Hot Springs: Our first National Park (Unit)

Filling up on mineral water in Hot Springs.

I had no idea that Hot Springs National Park would be just that – a National Park that centers on the hot springs alone. It’s the smallest of the National Parks, and perhaps the oddest, as the park originated to protect the spring’s waters, and the park’s lands are surrounded by the charmingly preserved resort town of Hot Springs, Arkansas. There are many hot springs, but these magical springs are intensely hot (at 150 degrees), incredibly pure (the water used now fell as rain during the time when Egyptians built pyramids), and delightfully odorless (not being volcanic springs, there is no sulphur, and no rotten egg smell). To top it all off, their slow journey from rainfall 4000 years ago through 1 mile of mineral-rich rock has given this mineral water enviable health properties. Continue reading “Hot Springs: Our first National Park (Unit)”

Guadalupe and Carlsbad Caverns: It’s what’s inside that counts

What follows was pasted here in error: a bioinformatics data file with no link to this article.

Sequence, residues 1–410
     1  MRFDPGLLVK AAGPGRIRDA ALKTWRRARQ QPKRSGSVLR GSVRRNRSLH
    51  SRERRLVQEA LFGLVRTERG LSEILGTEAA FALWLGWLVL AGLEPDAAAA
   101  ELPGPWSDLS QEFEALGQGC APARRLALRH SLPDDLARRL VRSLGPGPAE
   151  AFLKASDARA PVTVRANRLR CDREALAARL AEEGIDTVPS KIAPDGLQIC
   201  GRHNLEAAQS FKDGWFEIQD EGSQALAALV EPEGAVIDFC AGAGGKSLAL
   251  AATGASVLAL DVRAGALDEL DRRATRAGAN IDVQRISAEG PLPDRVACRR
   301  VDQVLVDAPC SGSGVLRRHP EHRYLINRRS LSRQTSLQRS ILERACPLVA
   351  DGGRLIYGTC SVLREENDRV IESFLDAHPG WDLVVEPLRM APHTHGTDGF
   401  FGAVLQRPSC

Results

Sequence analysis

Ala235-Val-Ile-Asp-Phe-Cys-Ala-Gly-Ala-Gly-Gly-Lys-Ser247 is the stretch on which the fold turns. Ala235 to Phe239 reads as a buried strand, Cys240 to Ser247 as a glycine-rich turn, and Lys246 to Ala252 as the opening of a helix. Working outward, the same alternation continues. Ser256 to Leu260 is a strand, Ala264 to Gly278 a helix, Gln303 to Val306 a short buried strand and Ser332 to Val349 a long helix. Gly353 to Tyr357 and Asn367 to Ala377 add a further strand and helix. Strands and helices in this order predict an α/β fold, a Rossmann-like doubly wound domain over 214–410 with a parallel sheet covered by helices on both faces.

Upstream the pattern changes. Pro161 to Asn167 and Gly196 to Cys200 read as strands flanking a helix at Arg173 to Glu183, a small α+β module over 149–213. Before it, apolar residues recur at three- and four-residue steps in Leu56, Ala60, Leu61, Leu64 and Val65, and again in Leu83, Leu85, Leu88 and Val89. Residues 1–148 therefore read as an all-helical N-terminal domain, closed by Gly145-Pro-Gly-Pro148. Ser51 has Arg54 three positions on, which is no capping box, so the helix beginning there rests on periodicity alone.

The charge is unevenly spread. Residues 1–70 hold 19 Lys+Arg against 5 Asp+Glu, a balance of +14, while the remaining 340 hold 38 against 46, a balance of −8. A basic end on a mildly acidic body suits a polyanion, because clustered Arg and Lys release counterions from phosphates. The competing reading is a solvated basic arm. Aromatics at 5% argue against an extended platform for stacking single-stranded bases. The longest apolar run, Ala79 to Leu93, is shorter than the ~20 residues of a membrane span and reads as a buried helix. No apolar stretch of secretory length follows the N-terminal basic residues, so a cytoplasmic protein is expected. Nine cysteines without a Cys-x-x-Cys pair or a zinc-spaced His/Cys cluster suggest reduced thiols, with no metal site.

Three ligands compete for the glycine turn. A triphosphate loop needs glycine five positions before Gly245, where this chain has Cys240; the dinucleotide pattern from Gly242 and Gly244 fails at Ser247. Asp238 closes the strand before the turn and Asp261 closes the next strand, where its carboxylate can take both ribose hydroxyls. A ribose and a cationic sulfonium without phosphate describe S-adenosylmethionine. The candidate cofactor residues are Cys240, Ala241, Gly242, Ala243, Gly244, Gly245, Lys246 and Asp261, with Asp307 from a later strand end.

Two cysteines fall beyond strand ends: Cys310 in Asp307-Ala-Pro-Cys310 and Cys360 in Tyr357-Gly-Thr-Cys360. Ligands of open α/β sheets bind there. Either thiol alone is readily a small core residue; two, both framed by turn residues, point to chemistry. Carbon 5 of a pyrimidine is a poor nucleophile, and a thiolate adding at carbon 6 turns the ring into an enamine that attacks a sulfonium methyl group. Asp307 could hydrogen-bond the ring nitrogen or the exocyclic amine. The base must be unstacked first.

Natural entrance to the Carlsbad Caverns

Carlsbad Caverns is a national park many have heard of, as it’s famed for beautiful limestone cave formations and the underground fantasy world they create. Guadalupe? I never heard of it. It’s claim to fame is hosting the highest mountain in … Texas. And while it is striking to see any peaks in the barren desert and mild slopes in this corner of Texas, I wasn’t sure it justified us spending a week of dry-camping in a parking lot. (Indeed, the campsite for RVs is a parking lot, and the heat brought out all the loudest generators in Texas.) While I don’t have a favorite park, it’s a running joke between S and I that I have a least favorite.

Guadalupe National Park aka Tip of the Permian Reef

Carlsbad Caverns on the other hand…  Cave exploration there requires reservations for ranger guided tours, which fill up fast (hint: reserve very early), so we had just one day to explore underground.  Much to our dismay, for time seems immaterial in that underground realm, and the hours slipped away too fast. The world below was almost unreal in its spectacular beauty of pale delicate speleothems, moist rooms crammed with spindly stalactites and fragile draperies. Continue reading “Guadalupe and Carlsbad Caverns: It’s what’s inside that counts”